By Ian Hertzler, Assoc. AIA, LEED GA, Associate at FCA |

Healthcare Design

Technology has an incredibly broad impact on nearly every aspect of healthcare, including the spaces needed to provide care, as do the devices we all seem to wear or carry around with us these days. The design of healthcare facilities, both inpatient and outpatient, is spatially defined in some cases by the physical scale of the necessary technologies—including large imaging, surgical equipment, and other mechanical equipment for HVAC systems. Other technology is strategically placed on counters or walls, in closets, cabinets and above ceilings. It is the integration of these various elements and their respective software, which communicates and connects to a system wide IT and networking level, that is driving some of the biggest changes to healthcare in decades.

The connectivity made through network integrations is driving the shift of considerations related to site of care. The integration of multiple devices and software systems interacting with and logging patient data in one place is changing where and how we provide patient care. In some cases, it has changed the way reimbursement rates are factored, favoring service lines that are located outside of the hospital setting to move into the HOPD or outpatient services. This shift of care means that certain surgeries and imaging scans, like those requiring a CT or MRI that were once located in the hospital, are now located in the outpatient setting off-campus. This allows for higher levels of care to be provided further away from the hospital itself.

The outpatient care setting is also seeing new and rapidly changing technologies; some of these technologies are integrated in the design and layout of the spaces, while others work to improve the communication experience between patient and provider, factoring in how and where care is delivered. Digital patient screens are becoming increasingly common in the exam room, allowing patients to have a visual representation of the information being discussed with them by their provider regarding their healthcare data. The use of wearables and small medical equipment for monitoring various aspects of a patient’s health will continue to increase in capability. As they do so, they will be integrated more and more, even adding supplementary information to the patients’ health record that can be viewed and discussed on the aforementioned patient screen or via remote conference session for patients in remote locations.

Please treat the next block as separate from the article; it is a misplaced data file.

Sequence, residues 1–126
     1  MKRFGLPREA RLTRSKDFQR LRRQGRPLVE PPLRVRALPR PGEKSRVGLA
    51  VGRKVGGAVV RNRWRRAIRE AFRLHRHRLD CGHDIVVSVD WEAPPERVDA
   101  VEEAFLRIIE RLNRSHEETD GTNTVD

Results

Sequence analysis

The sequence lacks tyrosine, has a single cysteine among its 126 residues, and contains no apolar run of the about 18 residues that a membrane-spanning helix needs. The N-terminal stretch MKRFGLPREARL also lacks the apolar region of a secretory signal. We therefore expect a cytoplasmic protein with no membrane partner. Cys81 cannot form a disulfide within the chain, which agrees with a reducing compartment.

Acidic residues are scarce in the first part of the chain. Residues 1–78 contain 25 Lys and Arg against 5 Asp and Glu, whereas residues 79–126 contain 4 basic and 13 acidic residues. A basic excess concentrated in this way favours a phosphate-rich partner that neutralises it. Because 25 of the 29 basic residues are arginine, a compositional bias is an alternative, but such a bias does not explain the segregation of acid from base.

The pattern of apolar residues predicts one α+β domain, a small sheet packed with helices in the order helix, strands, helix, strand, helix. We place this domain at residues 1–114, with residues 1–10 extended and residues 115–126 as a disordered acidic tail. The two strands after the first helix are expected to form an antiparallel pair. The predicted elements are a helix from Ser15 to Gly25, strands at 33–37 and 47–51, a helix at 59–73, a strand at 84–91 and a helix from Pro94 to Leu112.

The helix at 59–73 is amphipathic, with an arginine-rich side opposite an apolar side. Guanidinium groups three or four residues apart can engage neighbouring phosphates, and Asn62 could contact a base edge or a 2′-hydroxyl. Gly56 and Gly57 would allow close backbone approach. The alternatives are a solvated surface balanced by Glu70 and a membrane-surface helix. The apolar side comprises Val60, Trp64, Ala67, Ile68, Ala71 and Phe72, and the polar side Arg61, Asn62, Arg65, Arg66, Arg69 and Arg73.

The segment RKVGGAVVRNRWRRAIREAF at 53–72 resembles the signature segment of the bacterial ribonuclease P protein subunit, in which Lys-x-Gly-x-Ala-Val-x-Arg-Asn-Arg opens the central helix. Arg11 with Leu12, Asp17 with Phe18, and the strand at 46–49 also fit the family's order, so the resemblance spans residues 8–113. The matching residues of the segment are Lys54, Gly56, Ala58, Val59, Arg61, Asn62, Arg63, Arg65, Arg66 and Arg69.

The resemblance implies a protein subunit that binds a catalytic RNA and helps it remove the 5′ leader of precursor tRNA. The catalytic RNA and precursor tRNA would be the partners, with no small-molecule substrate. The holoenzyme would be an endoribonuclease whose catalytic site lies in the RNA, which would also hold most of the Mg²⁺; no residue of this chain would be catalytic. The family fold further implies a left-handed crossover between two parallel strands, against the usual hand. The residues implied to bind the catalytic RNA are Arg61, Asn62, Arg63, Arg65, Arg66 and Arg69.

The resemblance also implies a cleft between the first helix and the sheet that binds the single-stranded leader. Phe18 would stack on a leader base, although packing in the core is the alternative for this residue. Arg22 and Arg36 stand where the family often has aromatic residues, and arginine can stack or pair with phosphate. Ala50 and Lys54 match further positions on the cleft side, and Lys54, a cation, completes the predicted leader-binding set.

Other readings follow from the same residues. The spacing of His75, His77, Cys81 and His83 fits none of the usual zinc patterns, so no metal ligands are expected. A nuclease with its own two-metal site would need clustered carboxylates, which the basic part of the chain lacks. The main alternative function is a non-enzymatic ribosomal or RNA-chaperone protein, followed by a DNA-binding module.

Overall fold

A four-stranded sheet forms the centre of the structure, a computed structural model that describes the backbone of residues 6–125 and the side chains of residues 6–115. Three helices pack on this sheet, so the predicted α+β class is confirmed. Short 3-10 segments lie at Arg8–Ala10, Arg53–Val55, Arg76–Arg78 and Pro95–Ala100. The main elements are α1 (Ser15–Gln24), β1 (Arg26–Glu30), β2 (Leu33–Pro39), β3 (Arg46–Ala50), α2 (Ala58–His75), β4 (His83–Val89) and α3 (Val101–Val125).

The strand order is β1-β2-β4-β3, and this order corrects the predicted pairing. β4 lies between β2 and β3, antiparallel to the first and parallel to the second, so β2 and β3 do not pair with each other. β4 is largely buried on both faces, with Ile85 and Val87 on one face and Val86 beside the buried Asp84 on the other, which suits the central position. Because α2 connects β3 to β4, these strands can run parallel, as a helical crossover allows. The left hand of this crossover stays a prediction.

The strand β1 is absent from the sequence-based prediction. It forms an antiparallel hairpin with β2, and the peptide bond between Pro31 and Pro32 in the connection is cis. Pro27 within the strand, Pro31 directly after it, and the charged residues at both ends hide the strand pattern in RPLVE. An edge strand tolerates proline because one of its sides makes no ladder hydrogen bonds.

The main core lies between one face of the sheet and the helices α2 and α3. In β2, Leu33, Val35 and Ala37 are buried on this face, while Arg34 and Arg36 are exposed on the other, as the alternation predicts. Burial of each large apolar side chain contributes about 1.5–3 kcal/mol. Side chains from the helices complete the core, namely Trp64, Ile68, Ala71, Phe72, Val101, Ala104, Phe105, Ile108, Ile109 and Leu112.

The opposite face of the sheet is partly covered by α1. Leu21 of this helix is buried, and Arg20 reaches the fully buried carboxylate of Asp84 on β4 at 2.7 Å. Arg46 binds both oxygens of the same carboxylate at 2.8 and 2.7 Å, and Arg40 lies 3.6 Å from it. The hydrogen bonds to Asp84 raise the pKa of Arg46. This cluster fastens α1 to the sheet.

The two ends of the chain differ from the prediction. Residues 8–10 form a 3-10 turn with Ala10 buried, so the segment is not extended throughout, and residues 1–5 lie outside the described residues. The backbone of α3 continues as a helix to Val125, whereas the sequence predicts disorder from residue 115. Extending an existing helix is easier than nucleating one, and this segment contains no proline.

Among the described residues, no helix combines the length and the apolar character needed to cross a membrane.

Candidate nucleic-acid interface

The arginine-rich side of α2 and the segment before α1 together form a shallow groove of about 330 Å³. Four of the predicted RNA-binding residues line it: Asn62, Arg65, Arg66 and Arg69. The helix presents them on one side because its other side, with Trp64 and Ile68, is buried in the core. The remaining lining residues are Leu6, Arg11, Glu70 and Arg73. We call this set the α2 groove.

The continuous growth and evolution of telemedicine has many implications on the design of space, as it can require a broad range of space types—from patient-facing dedicated areas for providers to conduct quality digital health sessions, to the operations needed for larger system wide control centers. The level of integration of these tele/digital tools span a broad spectrum, from being used as a tool to help direct and control patient volume to the hospital for specific acute services during COVID-19, when hospitals nationwide were over capacity, to extending outpatient care to the farthest reaches in rural locations. The digital camera and audio capabilities on the standard smartphone or small medical equipment devices have similarly helped to extend the capabilities of the patient to reach the provider from far off distances. These developments have allowed for entirely new ways to provide clinical observation/monitoring in the form of “TeleSitting,” which has had a substantial impact by reducing risk of exposure for institutions utilizing this technology during the peak of COVID-19.

The shift in care will continue to change and evolve as new technologies emerge. As this happens, the design of the spaces in which we receive and provide care will evolve accordingly. The reality that more and more elements will be interconnected is almost guaranteed and will result in both new types of space and an accelerated evolution of many of those in place today.

Headshot of Ian HertzlerAbout The Author

Ian Hertzler, Assoc. AIA, LEED GA, is a design professional with a holistic approach to the built environment. Ian understands his clients’ needs and helps bring their visions to life through thoughtful, strategic planning and design. His dedication and skill ensure successful and award-winning projects that provide the highest level of patient care and experience.

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